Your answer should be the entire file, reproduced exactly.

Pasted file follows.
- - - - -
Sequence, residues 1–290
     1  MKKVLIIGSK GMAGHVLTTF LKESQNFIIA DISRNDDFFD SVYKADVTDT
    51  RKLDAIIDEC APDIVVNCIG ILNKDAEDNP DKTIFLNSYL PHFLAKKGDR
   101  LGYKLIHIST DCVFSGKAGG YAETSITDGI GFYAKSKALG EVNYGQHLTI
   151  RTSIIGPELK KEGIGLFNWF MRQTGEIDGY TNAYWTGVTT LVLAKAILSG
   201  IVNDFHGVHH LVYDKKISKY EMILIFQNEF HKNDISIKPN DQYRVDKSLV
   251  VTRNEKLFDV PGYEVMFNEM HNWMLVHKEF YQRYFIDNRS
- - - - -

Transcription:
Sequence, residues 1–290
     1  MKKVLIIGSK GMAGHVLTTF LKESQNFIIA DISRNDDFFD SVYKADVTDT
    51  RKLDAIIDEC APDIVVNCIG ILNKDAEDNP DKTIFLNSYL PHFLAKKGDR
   101  LGYKLIHIST DCVFSGKAGG YAETSITDGI GFYAKSKALG EVNYGQHLTI
   151  RTSIIGPELK KEGIGLFNWF MRQTGEIDGY TNAYWTGVTT LVLAKAILSG
   201  IVNDFHGVHH LVYDKKISKY EMILIFQNEF HKNDISIKPN DQYRVDKSLV
   251  VTRNEKLFDV PGYEVMFNEM HNWMLVHKEF YQRYFIDNRS